My Podcast Workflow Pt1

Read this in 7 minutes

In May, after fiddling with some AWS SDKs, I tweeted this joke that I thought was kinda far-fetched:

But by the time I had tweeted it, I had convinced myself to actually do it. The thing is, I want to have ultimate control over my content and do that for as cheaply as possible, so SoundCloud wasn’t really it.

The nice thing about this is, just by tweeting, I had already broken down the tasks into bite-sized chunks:

  1. Upload the podcast to a host (I went with S3)
  2. Transcribe the podcast (with AWS Transcribe)
  3. Create a post with the transcription (I decided on Middleman)
  4. Add to RSS feed
  5. Schedule social posts (which I didn’t do and probably won’t)

Looking at this list, the only thought I had was “why not?”, it’s straight forward enough and I’m familiar with all the tools I need so nothing’s really stopping me. So, I began.

I did first attempt to build this in Rails but I felt it was too much for what I needed, essentially I just needed something that I could create blog posts with and considering how many blog generating tools there are out there, Rails was overkill and ActionText, while an exciting addition to Rails, isn’t where I needed it to be just yet.

Next, I tried Gatsby in an effort to give React a chance and learn it in my own time, on my own terms, I was trying to be fair, you know? I don’t like saying “never”, but never again. I ended up fighting with a dependency that refused to compile consistently across environments, sometimes it was fine and other times it wasn’t and even after speaking to the maintainers, I couldn’t figure out what was up. To be fair, this isn’t React’s fault at all, it’s just a shame that whenever I try to pick up React to do something really simple, I get a headache.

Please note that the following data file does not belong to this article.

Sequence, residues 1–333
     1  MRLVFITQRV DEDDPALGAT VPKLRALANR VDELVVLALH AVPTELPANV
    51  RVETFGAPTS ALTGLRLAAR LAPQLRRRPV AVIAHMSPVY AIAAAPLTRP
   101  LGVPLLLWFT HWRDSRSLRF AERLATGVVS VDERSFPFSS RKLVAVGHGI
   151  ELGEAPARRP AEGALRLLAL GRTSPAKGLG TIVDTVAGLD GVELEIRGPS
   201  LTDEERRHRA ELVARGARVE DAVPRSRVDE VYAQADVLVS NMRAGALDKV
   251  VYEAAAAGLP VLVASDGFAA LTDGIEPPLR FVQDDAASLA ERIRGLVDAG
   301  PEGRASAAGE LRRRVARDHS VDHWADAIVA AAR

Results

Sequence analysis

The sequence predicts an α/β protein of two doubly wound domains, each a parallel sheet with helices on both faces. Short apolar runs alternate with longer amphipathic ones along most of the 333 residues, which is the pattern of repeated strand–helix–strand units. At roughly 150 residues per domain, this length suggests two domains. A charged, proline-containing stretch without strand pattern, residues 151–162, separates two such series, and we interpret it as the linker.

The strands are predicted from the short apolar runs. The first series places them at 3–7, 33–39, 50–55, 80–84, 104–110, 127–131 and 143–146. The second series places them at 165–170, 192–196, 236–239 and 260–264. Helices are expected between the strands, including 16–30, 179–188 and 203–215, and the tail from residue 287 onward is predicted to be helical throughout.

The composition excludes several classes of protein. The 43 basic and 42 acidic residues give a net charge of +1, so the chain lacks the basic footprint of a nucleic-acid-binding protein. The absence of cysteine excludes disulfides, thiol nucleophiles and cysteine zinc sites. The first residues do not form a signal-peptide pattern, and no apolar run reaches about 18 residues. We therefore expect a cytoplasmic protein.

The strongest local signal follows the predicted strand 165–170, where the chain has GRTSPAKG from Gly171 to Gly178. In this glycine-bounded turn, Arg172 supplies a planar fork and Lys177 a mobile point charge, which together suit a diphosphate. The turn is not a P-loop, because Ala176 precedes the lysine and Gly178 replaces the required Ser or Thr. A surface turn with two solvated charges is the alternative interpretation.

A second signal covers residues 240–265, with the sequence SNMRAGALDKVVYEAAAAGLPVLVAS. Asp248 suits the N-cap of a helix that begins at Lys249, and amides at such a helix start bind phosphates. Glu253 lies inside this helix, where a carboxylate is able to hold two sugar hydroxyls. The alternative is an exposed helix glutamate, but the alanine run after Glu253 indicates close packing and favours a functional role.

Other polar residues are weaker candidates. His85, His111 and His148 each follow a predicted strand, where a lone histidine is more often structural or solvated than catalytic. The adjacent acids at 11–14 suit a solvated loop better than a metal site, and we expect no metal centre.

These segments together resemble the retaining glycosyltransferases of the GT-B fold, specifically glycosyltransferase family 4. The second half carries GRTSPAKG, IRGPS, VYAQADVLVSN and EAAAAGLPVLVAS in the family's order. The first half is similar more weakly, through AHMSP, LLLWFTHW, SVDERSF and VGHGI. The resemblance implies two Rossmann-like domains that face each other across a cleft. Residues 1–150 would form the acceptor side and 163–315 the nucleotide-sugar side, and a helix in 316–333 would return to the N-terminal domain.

So, I landed on Middleman a static site generator built in Ruby. Since it’s a static site generator, it doesn’t have a server, so I can’t do anything that will need a server e.g. show dynamic content, collect and save form data etc. I can just create static content that doesn’t change, and honestly, that’s all I really need. Middleman has scope for an XML/RSS feed builder too.

I knew I was going to host the episodes on S3 but before this project, I had never really thought of it as a data store, in the way Redis or Postgres are data stores. I thought of it more as a bucket of stuff that’s hosted on Amazon’s servers. But S3 is a data store, so you can upload objects with key-value pairs and retrieve the object’s value with it’s key. Essentially, on the most basic of basic levels, S3 buckets are similar to Ruby hashes:

# A bucket is created with objects in it
 podcast = {
    "ep_1" => "ep_1.mp3",
    "ep_2" => "ep_2.mp3",
    "ep_3" => "ep_3.mp3"

# An object's value is retirived by accessing its key
puts podcast["ep_1"]
=> "ep_1.mp3"

Not only that but the AWS S3 Ruby SDK also allows me to upload metadata with each object so I can also include things like duration, content_type, date, etc.